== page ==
|01-08-2013, 08:10 PM||#11|
Joined: May 2006
Location: Perth, Australia
Sock, I've read everything I can find on Skyhook and from what I can gather, oalvarez has it pretty much covered.
A bit I might add:
The key to "getting" Skyhook is to accept that the valving can react so quickly that it adjusts as the wheel encounters each bump/irregularity, and the adjustment is done as the bump is being handled. That is the "active" part. The claim is that an adjustment from full-hard to full-soft takes 10 milliseconds, or 1/100th sec. The computer reads axle acceleration and position from sensors and tells the valves at each end what to do.
That's how it does what no passive system (e.g. current tech Ohlins for bikes) can do. Run along in full-soft and hit something very hard and the Skyhook valving firms up as the suspension handles that particular hit, preventing it bottoming out. Run along in full-hard and hit the same something and the valving softens so that you're not thrown out of the seat.
The point (for the computer) always being to keep the chassis as stable as possible within the limits of suspension travel and springing.
Within that, you have the four "modes", set by the rider as with the Ohlins set-up. Essentially, these seem to adjust the feel coming up from the road surface. Sport, you feel all the bumps; Touring, less so; Urban and Enduro, as little as possible.
Within each of these four modes, as stated above, you have the option to further refine the feel level. So when running in "Sport", you can choose from hard, medium or soft. Same in Touring, etc.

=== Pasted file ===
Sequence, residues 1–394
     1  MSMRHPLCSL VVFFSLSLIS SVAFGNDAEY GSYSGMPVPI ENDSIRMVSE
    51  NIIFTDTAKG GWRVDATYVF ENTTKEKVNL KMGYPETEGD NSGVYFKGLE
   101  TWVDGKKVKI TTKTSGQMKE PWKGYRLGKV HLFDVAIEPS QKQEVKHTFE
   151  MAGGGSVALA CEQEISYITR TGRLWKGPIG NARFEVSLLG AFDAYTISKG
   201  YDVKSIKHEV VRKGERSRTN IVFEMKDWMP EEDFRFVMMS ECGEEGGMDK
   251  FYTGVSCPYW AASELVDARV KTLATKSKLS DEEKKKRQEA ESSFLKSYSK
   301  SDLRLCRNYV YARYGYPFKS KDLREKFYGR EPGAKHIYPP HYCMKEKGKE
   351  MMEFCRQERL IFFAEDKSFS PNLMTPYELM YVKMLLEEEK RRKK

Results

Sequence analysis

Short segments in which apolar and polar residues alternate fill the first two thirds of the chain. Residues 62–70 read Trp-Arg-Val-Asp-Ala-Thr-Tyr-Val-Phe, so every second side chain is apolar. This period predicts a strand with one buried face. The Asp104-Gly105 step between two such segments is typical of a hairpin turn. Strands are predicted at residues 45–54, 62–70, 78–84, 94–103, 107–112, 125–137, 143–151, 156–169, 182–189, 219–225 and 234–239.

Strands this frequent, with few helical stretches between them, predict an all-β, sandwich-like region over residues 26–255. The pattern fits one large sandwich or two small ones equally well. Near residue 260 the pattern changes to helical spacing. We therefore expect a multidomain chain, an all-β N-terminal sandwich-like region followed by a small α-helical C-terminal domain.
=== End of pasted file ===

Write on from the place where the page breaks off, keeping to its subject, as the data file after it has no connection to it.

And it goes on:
Whether Sport "soft" is the same as Touring "hard" etc, or whether all increments in Sport give more feel than Touring "hard", I don't think anybody has worked out at this point.
But even if there is overlap on the bump side, there is still the other aspect of Skyhook, which is its auto-adjusting the damping to resist chassis pitch under brakes and acceleration. How much it does this will be affected by what mode you are in.
Finally, there is the question of rear spring preload. It is not clear whether Skyhook offers the same 16 preload steps as the Ohlins, or whether it is just four steps (i.e. rider, plus luggage, plus pillion, plus luggage) similar to BMW. From early reports, is starting to look like it may be just the four.
I think there is no doubt the Skyhook takes away some control from the rider/owner. You can't take it to a suspension shop and change valving etc. Anything like that would happen via updating the software. And whatever you have set it to, the suspension makes up its own mind as to how appropriate your setting is for the conditions. But as long as Ducati/Sachs has done a good job with the software, that will be absolutely fine for most people.
BTW: Also not quite clear at this point, but at least one press report has claimed that within each mode, you can also set comp and rebound independently - e.g. comp to 'med' and rebound to 'soft' - if you want.
Hope that helps some.
Sorting out the S4Rs Ohlins shock: click here.
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